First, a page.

This year has been quite a rollercoaster so far with severe storms, bush fires in Australia, and now, with the emergence of the COVID-19 pandemic, we’re facing unprecedented measures to minimise the impact of the virus.
It’s fair to say that pretty much everyone will be affected by the restrictions that are being put in place. A recent survey by Student Hut suggests that over 50% of students are more concerned about missing out on their education than they are about their health.
During these anxious and uncertain times, we’ve pulled together some advice to reduce anxiety and maintain your wellbeing. Whether you’re worried about the impact on your studies and exams, concerned for your health or your family’s health, or are anxious about isolation, we hope these tips will help!
1. Take each day as it comes
We know it’s easy to say but try not to think too much about what may (or may not) happen. Work with whatever information you have at the time and try and keep as close to your normal routine. If you’re home from school or college, keeping to a timetable with study and break times will help maintain a sense of routine.
AnxietyUK suggests using the APPLE technique when you start to feel anxious:
Acknowledge – Notice and acknowledge the uncertainty as it comes to mind.
Pause – Don’t react as you normally do. Don’t react at all. Just pause and breath.
Pull back – Tell yourself this is just the worry talking, and this apparent need for certainty is not helpful and not necessary. It is only a thought or feeling. Don’t believe everything you think. Thoughts are not statements of facts.
Let go – Let go of the thought or feeling. It will pass. You don’t have to respond to them. You might imagine them floating away in a bubble or cloud.
Explore – Explore the present moment. Notice your breathing and the sensations of your breathing. Notice the ground beneath you. Look around and notice what you see, what you hear, what you can touch, what you can smell. Right now. Then shift your focus of attention to something else – on what you need to do, on what you were doing before you noticed the worry or do something else – mindfully with your full attention.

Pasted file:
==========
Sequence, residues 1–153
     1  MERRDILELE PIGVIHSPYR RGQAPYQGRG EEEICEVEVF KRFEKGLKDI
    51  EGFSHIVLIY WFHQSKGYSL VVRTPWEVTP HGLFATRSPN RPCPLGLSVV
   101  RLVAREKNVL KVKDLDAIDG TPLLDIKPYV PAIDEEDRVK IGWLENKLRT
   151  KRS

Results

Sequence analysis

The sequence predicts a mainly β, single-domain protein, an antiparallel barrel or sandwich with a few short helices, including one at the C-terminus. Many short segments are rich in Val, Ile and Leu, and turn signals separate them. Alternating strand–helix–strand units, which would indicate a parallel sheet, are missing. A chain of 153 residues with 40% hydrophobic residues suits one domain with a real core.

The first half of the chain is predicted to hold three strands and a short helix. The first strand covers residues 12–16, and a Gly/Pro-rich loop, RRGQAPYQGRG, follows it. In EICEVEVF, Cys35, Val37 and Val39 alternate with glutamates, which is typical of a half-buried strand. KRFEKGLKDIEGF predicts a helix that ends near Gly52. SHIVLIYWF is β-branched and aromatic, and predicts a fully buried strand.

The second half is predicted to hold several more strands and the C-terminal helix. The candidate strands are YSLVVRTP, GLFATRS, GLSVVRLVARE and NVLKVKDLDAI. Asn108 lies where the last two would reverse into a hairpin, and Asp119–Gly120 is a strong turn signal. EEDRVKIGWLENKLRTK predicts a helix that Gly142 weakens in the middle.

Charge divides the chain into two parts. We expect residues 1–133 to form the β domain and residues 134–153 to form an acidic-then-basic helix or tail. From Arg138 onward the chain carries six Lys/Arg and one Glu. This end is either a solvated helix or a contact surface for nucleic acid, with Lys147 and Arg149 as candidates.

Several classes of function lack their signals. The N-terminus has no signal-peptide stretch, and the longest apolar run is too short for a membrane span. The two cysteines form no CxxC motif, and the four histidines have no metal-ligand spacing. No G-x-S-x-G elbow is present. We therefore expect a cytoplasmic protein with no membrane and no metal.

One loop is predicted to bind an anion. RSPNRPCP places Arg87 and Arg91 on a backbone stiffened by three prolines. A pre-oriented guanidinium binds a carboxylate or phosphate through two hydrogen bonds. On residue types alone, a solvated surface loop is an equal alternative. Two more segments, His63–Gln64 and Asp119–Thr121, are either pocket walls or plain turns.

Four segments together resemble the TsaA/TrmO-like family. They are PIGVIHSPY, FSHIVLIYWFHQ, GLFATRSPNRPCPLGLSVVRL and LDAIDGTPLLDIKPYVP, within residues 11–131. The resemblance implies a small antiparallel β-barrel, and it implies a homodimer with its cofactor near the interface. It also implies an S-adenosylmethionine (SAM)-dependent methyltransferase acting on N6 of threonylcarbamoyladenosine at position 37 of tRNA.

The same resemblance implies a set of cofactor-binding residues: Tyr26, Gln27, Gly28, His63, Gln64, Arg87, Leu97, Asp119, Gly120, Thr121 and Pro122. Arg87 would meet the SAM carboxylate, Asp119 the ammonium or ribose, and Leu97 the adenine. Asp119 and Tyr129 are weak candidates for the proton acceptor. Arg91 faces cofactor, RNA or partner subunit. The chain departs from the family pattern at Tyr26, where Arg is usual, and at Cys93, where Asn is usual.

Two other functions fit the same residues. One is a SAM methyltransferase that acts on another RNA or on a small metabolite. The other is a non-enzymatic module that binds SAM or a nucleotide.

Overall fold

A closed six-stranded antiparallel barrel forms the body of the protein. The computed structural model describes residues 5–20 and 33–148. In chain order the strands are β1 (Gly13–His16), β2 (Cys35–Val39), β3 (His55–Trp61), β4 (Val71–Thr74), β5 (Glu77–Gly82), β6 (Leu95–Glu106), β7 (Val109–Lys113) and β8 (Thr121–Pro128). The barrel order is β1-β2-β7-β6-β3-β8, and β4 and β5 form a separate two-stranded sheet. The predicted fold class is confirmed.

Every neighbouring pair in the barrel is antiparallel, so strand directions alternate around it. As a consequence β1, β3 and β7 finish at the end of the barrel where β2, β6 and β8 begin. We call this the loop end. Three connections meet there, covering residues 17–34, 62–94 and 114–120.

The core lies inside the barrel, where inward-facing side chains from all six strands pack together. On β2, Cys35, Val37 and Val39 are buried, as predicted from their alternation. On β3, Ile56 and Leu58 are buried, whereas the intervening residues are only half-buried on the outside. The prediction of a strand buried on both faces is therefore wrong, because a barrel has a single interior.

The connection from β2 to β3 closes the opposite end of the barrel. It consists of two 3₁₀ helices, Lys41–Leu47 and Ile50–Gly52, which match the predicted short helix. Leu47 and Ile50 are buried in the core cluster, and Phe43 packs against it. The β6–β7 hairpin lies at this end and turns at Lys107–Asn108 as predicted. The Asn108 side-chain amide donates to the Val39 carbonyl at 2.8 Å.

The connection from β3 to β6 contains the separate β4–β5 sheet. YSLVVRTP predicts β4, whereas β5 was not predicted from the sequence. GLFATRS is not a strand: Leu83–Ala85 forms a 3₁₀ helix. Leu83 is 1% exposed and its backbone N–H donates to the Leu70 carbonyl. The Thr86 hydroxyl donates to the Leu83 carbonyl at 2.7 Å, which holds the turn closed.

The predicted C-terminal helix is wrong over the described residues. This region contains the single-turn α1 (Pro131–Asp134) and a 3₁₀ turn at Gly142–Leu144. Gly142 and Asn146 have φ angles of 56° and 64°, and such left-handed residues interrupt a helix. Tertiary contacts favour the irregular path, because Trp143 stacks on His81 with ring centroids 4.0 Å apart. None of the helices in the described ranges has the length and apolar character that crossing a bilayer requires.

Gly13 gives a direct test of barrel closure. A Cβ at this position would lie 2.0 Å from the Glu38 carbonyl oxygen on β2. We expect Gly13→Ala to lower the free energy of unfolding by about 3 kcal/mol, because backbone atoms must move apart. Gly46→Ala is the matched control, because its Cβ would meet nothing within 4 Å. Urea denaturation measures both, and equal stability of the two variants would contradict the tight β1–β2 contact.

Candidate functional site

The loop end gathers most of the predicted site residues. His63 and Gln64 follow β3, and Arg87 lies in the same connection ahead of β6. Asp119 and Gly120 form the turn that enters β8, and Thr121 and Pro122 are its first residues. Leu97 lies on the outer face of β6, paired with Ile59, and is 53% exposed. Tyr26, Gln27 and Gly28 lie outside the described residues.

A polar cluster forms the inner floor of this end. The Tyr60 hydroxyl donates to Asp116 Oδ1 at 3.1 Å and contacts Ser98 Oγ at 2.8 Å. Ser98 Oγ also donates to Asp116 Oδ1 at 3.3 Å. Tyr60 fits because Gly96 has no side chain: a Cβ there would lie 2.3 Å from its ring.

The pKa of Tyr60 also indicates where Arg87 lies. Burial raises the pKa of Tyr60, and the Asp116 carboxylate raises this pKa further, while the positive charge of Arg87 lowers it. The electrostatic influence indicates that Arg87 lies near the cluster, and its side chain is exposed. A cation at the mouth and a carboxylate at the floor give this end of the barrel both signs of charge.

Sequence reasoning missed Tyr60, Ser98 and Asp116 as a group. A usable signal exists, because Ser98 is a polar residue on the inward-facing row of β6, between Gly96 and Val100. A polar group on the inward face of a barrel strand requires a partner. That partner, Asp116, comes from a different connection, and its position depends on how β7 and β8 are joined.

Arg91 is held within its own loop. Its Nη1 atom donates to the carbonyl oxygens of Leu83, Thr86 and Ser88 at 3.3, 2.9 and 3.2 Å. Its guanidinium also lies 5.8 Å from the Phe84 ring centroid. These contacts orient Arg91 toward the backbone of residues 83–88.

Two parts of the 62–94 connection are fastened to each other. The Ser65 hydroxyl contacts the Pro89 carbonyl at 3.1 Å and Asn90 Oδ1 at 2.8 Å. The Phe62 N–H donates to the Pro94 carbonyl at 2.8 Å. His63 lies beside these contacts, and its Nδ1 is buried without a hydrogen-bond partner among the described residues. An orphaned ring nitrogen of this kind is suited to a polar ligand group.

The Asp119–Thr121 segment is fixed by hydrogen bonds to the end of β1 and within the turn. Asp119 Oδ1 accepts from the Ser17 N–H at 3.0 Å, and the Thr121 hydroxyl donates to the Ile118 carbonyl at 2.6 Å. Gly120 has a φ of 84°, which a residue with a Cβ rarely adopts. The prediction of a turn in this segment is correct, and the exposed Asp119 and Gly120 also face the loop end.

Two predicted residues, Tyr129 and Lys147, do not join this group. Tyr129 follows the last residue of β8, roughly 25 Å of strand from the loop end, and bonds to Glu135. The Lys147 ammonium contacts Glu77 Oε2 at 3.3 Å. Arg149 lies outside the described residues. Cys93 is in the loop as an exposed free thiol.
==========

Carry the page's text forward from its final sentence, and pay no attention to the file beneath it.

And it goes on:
2. Limit the amount of social media news you consume
As they say, “Don’t believe everything you say on Facebook” (or social media). If you’re receiving 30 updates a day from a variety of channels, it is likely to fry your brain and can trigger anxiety. By restricting your news consumption to a limited amount day from a trusted source (e.g. The Government website, NHS website or BBC news), and by muting topics that trigger you on social media or Whatsapp groups, you can reduce the triggers. Spend time doing something that brings you joy instead – like reading, or gaming.
3. Connect with friends and family
Whilst you may not be spending as much time with friends and family as you like, you don’t need to cut contact completely. You may be restricted with where you can go, and who you can see – but there are lots of ways you can connect virtually. Make arrangements to speak to and video chat friends and loved ones regularly – and, with some providers offer group chat services, why not have a virtual party! If you have friends, neighbours or family, why not help them by fetching supplies or by keeping in touch to boost their morale – it will boost your sense of wellbeing too.
4. Get fresh air and exercise
Whether it’s getting out for a walk in the countryside with your dog, playing Just Dance, or getting out to do some gardening. Planning some time to take exercise and get outdoors will not only break the boredom, but it should also give you a boost.
5. Use online resources and support
Mental Health charities such as Young Minds, Mind and AnxietyUK offer a range of online resources and support guides for managing wellbeing. In addition to this these sites offer telephone or chat support. Details about getting urgent help and support for a mental health crisis can be found on the NHS Every Mind Matters site.